TreeHugger's name was totally ironic; founder Graham Hill had his tongue planted firmly in his cheek. But that doesn't mean we won't hug trees, or even occasionally chain ourselves to them if they are under threat. It's why I covered Charles Birnbaum's fight to save the gem of a garden designed by Russell Page at the Frick Museum earlier this year. Birnbaum is President of the Cultural Landscape Foundation, which fights to preserve those green spaces that not only beautiful but are historically important. Many people roll their eyes at the concept, seeing private green spaces as placeholders for development.
That's what the Frick says their garden always was, just filling space temporarily until they were ready to redevelop it. Except now Birnbaum has evidence that not the case at all; Someone slipped him a 1977 press release that makes it very clear that the gallery was investing in a permanent garden. They spent a lot of money on making it stand out. Birnbaum writes in the Huffington Post:
Page's creation at the Frick is an elegant, nuanced work of art that was realized over the space of ten years. As I have written before, a museum's designed landscapes should be afforded the same degree of importance and curatorial care as their buildings and other parts of their collection.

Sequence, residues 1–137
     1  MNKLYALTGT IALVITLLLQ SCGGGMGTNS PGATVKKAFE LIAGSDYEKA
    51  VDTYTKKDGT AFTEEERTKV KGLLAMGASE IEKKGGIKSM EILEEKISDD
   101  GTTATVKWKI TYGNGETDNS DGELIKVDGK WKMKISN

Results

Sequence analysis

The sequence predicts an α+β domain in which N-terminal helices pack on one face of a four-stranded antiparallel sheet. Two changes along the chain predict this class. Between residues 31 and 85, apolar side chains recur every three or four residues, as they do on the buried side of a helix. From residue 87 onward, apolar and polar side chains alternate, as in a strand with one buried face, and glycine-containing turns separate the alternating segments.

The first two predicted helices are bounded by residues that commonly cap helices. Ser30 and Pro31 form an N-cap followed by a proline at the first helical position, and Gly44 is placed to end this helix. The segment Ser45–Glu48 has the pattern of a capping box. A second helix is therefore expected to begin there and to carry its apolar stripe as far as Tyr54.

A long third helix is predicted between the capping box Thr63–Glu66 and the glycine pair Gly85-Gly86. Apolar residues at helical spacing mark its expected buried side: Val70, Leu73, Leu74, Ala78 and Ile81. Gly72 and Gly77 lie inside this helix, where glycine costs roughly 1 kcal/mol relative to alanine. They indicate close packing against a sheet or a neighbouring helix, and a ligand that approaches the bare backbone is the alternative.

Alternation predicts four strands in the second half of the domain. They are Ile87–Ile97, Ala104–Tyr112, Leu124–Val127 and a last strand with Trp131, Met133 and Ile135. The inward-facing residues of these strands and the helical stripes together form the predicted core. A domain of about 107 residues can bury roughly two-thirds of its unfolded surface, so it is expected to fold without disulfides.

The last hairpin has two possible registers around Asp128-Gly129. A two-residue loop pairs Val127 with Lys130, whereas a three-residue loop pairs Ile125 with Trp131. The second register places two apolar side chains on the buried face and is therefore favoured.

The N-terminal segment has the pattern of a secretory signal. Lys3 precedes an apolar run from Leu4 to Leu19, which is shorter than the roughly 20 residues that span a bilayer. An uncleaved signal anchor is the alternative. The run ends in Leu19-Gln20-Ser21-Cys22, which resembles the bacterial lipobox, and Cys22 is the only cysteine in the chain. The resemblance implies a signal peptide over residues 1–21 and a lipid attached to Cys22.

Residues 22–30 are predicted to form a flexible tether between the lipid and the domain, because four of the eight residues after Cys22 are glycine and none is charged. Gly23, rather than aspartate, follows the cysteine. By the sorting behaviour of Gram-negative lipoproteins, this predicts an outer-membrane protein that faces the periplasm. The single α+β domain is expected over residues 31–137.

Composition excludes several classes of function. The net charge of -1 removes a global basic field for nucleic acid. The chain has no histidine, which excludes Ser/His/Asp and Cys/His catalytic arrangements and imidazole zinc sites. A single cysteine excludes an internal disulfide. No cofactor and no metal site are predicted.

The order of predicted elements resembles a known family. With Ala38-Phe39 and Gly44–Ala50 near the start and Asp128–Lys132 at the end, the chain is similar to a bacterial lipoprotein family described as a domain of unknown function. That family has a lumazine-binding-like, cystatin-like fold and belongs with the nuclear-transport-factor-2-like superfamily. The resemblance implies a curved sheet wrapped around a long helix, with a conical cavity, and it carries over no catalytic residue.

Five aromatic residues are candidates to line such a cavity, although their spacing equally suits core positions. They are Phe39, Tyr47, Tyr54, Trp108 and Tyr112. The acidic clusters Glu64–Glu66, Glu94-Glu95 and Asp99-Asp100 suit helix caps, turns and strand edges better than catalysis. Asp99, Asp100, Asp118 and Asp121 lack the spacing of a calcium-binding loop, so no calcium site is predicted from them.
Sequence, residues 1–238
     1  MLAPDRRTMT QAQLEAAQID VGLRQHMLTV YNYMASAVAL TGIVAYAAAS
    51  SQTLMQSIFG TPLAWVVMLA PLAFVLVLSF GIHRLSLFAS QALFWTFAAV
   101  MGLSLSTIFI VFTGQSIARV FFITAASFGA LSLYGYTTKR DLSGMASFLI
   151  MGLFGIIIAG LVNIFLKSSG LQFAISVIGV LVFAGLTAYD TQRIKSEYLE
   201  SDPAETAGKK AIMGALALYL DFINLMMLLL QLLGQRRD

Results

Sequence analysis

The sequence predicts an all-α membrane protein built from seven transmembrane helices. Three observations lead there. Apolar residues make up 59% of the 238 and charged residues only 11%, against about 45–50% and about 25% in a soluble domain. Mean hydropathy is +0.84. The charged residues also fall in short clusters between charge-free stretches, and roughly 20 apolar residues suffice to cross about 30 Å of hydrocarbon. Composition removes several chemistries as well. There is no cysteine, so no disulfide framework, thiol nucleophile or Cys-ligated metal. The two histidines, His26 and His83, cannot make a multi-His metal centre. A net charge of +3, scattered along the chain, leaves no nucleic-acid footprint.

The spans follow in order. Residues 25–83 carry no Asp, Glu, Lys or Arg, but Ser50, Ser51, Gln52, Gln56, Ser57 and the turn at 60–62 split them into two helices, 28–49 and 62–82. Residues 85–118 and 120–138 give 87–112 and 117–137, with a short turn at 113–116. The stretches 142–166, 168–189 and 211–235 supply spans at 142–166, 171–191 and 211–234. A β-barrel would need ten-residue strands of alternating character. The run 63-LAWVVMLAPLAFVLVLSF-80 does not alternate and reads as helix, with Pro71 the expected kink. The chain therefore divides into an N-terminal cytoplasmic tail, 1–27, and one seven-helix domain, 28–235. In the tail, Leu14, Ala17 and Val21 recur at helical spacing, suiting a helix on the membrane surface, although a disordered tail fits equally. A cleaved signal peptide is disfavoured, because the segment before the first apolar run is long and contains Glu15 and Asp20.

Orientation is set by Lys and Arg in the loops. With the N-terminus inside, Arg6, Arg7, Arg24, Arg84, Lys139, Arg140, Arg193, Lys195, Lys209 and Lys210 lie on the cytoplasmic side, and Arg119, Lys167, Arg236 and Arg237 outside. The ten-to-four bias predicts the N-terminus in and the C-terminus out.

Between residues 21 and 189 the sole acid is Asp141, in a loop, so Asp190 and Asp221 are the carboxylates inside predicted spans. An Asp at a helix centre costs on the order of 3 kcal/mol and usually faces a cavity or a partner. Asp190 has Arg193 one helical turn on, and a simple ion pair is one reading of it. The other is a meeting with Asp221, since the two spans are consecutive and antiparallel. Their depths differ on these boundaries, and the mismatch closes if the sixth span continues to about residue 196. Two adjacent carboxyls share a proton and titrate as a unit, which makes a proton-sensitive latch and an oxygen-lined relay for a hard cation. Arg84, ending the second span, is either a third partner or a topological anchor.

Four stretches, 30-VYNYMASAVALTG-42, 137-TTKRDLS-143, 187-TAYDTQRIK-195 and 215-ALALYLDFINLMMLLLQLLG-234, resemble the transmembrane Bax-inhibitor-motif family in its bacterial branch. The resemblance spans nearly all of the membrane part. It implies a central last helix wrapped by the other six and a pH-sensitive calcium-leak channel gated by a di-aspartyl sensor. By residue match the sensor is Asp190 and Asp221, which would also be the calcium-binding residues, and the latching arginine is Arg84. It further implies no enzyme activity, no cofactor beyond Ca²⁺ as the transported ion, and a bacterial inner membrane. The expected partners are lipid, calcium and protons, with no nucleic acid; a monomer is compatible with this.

Birnbaum is no longer a voice in the wilderness on this issue; The New York Times is on it now, quoting architect Robert Stern:
“Gardens are works of art. This one is in perfect condition by Russell Page, one of the pre-eminent garden designers of the 20th century, and it should be respected as such. It’s as important as a tapestry or even a painting, and I think the museum is obliged to recognize its importance.”
Stern is just one supporter of a new group, Unite to Save the Frick, all of them ....
....concerned individuals and organizations from New York City, across the U.S. and around the world. We are architects and landscape architects, historians, design professionals, scholars, artists, authors, preservation advocates, art and museum critics, journalists, students, and members of the Frick Collection. We unite to protect the Frick’s signature ensemble of elements from short-sighted destruction and to advocate for responsible modernization.
The Frick made a classic mistake; a proper New York real estate developer would have let this garden go to seed years ago and would have rented it for loud parties. Instead, they built and maintained a work of art. Now they are custodians of it, like they are of the Frick Collection; it's part of it now.